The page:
|Author (Person)||Frost, Laurence|
|Series Title||European Voice|
|Series Details||Vol 7, No.12, 22.3.01, p2|
THE US has intervened to voice trade concerns over a delayed European Commission proposal to force food firms to disclose details of genetically-modified organisms in their products.
Officials in Washington are urging the EU executive to water down 'traceability' measures that would force companies at every stage in the food chain to keep detailed records of the genetically modified organisms (GMOs) present in shipments to the EU.
"Basically, we're worried that a system should not be put in place that is extremely burdensome and trade-distorting," said one US diplomat. "These concerns are being made at a variety of levels."
Groups representing US industries from farms to factories have gone further, warning of a full-scale trade war if the proposal is implemented in its current form. The draft rule on traceability is one of the conditions for the lifting of a de facto ban on new GM product approvals by the six blocking countries - France, Denmark, Italy, Austria, Greece and Luxembourg.
"We don't want a trade war over this," said Thomas Donohue, president of the US Chamber of Commerce. "But if it results in trade barriers it will get ugly - we're going to insist on a system which doesn't discriminate against our scientific advancements."
Donohue is flying to Brussels on Sunday (25 March) for meetings with EU leaders including Trade Commissioner Pascal Lamy and his enterprise counterpart Erkki Liikanen.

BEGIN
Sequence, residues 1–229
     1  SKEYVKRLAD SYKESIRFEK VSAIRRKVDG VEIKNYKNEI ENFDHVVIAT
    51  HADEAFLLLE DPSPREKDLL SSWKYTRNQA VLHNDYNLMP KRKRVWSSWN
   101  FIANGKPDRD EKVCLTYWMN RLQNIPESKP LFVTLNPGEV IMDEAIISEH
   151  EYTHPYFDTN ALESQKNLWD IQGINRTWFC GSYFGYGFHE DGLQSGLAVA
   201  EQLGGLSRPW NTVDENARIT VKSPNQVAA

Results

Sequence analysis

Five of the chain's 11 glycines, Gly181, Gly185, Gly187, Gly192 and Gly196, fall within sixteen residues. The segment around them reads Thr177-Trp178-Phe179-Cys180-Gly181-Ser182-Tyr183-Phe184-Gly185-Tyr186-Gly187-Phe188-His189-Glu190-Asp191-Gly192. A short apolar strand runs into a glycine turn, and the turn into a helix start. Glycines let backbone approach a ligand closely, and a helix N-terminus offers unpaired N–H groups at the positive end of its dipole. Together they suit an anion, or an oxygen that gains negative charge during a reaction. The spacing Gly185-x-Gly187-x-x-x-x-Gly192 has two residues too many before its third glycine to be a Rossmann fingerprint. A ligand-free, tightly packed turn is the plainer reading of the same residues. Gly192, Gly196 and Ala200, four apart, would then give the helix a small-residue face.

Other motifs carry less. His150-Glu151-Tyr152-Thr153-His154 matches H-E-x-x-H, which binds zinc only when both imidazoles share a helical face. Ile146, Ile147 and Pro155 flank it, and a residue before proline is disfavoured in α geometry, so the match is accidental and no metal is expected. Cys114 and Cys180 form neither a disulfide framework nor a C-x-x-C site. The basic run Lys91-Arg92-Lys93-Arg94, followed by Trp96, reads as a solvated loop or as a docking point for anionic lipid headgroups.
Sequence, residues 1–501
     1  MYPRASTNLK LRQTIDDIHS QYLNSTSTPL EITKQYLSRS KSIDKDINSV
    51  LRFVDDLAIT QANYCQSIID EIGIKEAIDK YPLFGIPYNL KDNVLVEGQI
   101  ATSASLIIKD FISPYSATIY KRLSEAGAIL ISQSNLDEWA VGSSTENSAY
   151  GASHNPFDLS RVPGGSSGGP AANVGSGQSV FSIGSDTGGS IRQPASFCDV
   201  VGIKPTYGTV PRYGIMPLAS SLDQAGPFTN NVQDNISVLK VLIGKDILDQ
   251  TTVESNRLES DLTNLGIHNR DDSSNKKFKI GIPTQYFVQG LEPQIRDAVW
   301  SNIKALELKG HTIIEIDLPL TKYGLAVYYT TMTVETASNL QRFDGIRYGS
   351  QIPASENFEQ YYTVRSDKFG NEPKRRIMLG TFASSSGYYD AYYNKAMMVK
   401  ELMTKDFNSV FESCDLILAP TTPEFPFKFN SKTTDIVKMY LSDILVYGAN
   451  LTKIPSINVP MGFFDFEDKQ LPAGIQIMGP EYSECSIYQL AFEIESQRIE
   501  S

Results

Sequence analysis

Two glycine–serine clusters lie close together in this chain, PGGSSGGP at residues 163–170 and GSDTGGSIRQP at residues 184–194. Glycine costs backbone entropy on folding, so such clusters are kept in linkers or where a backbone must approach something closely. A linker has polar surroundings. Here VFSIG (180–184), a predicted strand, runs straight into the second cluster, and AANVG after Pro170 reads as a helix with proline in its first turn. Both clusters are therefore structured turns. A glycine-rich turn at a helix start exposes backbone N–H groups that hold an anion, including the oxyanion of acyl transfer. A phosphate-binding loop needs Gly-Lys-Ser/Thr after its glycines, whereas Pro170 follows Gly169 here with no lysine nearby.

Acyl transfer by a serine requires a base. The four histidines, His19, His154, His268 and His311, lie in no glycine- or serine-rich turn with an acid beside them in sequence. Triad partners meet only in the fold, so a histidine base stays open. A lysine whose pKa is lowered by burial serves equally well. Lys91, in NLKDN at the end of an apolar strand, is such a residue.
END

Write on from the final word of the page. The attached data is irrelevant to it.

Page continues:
"It's a very foolish way to look at scientific advancement," Donohue added.
At the centre of the dispute are the growers, traders and manufacturers who deal in bulk commodities, such as wheat, in which hundreds of non-GM varieties are mixed together in the same shipments.
US firms say their costs would sky-rocket if new rules forced them to keep records of exactly which varieties were present in products destined for the EU - currently worth an estimated €4 billion a year.
There are signs that the working draft of the regulation is likely to be diluted.
One proposal put forward by industry groups would allow a food company to list the approved GMOs that could be present in a product, without specifying which of them actually are.
"That is one of the options we are considering," said a Commission official.
But environmental groups warn that a 'may-contain' approach will not restore public confidence in GMOs.
Gill Lacroix of Friends of the Earth said, "It doesn't really tell the consumer anything."
The US has intervened to voice trade concerns over a delayed European Commission proposal to force food firms to disclose details of genetically-modified organisms in their products.
|Subject Categories||Business and Industry|
|Countries / Regions||United States|